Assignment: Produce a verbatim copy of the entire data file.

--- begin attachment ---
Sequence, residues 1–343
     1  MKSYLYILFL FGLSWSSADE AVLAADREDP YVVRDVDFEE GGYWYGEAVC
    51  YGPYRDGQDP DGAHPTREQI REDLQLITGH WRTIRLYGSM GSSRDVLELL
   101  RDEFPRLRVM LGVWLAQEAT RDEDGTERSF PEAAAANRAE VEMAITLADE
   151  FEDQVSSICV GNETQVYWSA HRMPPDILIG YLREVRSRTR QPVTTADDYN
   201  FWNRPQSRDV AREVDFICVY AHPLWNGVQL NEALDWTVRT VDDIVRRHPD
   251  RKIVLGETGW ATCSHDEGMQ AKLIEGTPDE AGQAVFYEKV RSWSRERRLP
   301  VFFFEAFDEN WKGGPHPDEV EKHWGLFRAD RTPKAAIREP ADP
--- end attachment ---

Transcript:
Sequence, residues 1–343
     1  MKSYLYILFL FGLSWSSADE AVLAADREDP YVVRDVDFEE GGYWYGEAVC
    51  YGPYRDGQDP DGAHPTREQI REDLQLITGH WRTIRLYGSM GSSRDVLELL
   101  RDEFPRLRVM LGVWLAQEAT RDEDGTERSF PEAAAANRAE VEMAITLADE
   151  FEDQVSSICV GNETQVYWSA HRMPPDILIG YLREVRSRTR QPVTTADDYN
   201  FWNRPQSRDV AREVDFICVY AHPLWNGVQL NEALDWTVRT VDDIVRRHPD
   251  RKIVLGETGW ATCSHDEGMQ AKLIEGTPDE AGQAVFYEKV RSWSRERRLP
   301  VFFFEAFDEN WKGGPHPDEV EKHWGLFRAD RTPKAAIREP ADP